Full Text Available An Integrated Logistic Support (ILS service has the objective of improving a system’s efficiency and availability for the life cycle. The system constructor offers the service to the customer, and she becomes the Contractor Logistic Support (CLS. The aim of this paper is to propose an approach to support the CLS in the budget formulation. Specific goals of the model are the provision of the annual cost of ILS activities through a specific cost model and a comprehensive examination of expected benefits, costs and savings under alternative ILS strategies. A simple example derived from an industrial application is also provided to illustrate the idea. Scientific literature is lacking in the topic and documents from the military are just dealing with the issue of performance measurement. Moreover, they are obviously focused on the customer’s perspective. Other scientific papers are general and focused only on maintenance or life cycle management. The model developed in this paper approaches the problem from the perspective of the CLS, and it is specifically tailored on the main issues of an ILS service.

  7. Integrated plant life management (PLiM)-the IAEA contribution

    International Nuclear Information System (INIS)

    Kang, K.-S.; Clark, C.R.; Omoto, A.; )

    2005-01-01

    For the past couple of decades there has been a change of emphasis in the world nuclear power from that of building new Nuclear Power Plants (NPP) to that of taking measures to optimize the life cycle of operational plants. National approaches in many countries showed an increase of interest in Plant Life Management (PLiM), both in terms of plant service life assurance and in optimizing the service or operational life of NPP. A strong convergence of views is emerging from different National approaches, particularly in the area of the economic aspects of NPP operation and in the evolution in the scope of NPP PLIM. The latter can directly affect the cost of electricity from NPP in an increasingly competitive environment. The safety considerations of a NPP are paramount and those requirements have to be met to obtain and to extend/renew the operating license. To achieve the goal of the long term safe, economic and reliable operation of the plant an integrated Plant Life Management Programme (PLiM) is necessary. Some countries already have advanced PLiM Programmes while others still have none. The PLiM objective is to identify all that factors and requirements for the overall plant life cycle. The optimization of these requirements would allow for the minimum period of the investment return and maximum of the revenue from the sell of the produced electricity. Recognizing the importance of this issue and in response to the requests of the Member States the IAEA Division of Nuclear Power implements the Sub-programme on 'Engineering and Management Support for Competitive Nuclear Power'. Four projects within this sub-programme deal with different aspects of the NPP life cycle management with the aim to increase the capabilities of interested Member States in implementing and maintenance of the competitive and sustainable nuclear power. Although all four projects contain certain issues of PLiM there is one specific project on guidance on engineering and management practices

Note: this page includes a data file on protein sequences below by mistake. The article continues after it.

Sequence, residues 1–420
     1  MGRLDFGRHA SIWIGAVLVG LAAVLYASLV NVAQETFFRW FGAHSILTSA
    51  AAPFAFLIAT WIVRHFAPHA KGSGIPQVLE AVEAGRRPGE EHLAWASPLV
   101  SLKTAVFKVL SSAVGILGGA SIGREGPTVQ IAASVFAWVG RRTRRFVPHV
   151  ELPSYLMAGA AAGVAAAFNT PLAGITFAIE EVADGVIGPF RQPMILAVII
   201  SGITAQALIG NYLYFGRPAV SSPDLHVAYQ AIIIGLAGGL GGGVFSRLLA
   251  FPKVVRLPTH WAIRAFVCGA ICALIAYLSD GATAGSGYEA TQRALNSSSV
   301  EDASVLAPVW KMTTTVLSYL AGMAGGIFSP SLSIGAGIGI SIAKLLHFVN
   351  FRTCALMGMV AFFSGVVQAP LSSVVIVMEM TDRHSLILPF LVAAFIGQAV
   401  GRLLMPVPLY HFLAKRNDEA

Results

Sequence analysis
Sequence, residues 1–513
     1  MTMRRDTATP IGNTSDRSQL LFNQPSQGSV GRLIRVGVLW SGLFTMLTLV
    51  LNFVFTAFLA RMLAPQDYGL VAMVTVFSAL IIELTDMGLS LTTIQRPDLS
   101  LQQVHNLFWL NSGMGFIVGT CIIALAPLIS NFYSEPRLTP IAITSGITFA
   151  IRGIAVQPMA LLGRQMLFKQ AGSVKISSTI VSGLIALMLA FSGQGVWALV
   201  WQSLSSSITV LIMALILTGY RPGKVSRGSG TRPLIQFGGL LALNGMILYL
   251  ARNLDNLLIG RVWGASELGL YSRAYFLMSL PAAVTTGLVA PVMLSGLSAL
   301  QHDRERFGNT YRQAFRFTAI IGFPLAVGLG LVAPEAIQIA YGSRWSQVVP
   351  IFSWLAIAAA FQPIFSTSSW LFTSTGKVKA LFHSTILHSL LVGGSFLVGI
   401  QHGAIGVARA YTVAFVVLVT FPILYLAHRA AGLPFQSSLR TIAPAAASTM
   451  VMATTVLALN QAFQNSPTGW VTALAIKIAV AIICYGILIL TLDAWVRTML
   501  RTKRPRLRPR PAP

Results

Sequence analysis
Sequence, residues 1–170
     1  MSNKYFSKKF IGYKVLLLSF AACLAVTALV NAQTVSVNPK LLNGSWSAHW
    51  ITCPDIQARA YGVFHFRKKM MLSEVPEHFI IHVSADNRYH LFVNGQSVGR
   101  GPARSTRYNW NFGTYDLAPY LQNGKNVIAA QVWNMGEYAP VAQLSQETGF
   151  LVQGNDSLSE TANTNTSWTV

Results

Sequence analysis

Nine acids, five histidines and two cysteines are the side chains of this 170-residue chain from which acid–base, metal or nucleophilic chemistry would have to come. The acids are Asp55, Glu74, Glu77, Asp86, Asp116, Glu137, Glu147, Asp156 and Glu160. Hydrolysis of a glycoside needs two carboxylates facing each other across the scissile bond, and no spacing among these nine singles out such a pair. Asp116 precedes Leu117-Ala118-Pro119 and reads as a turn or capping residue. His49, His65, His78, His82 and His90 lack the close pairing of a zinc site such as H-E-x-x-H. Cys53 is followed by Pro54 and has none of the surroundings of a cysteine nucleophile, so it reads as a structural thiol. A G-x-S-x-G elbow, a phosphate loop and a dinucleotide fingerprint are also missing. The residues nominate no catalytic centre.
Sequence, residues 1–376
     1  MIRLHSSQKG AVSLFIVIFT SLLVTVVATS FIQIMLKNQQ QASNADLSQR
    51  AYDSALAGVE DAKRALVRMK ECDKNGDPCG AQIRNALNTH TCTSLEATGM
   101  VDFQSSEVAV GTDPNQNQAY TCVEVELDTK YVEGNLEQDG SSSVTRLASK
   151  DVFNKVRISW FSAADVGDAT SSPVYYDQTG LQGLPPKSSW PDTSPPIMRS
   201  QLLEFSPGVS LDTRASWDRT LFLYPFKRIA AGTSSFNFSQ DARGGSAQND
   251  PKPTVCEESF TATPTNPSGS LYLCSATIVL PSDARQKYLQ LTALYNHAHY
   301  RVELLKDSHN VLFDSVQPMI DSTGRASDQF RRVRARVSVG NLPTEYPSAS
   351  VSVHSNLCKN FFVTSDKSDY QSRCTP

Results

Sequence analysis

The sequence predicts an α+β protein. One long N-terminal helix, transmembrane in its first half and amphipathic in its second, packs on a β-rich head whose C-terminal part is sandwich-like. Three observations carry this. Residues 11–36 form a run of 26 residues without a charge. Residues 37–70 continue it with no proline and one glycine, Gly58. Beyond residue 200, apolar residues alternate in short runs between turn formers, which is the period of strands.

8. Reliability Growth in Space Life Support Systems

    Science.gov (United States)

    Jones, Harry W.

    2014-01-01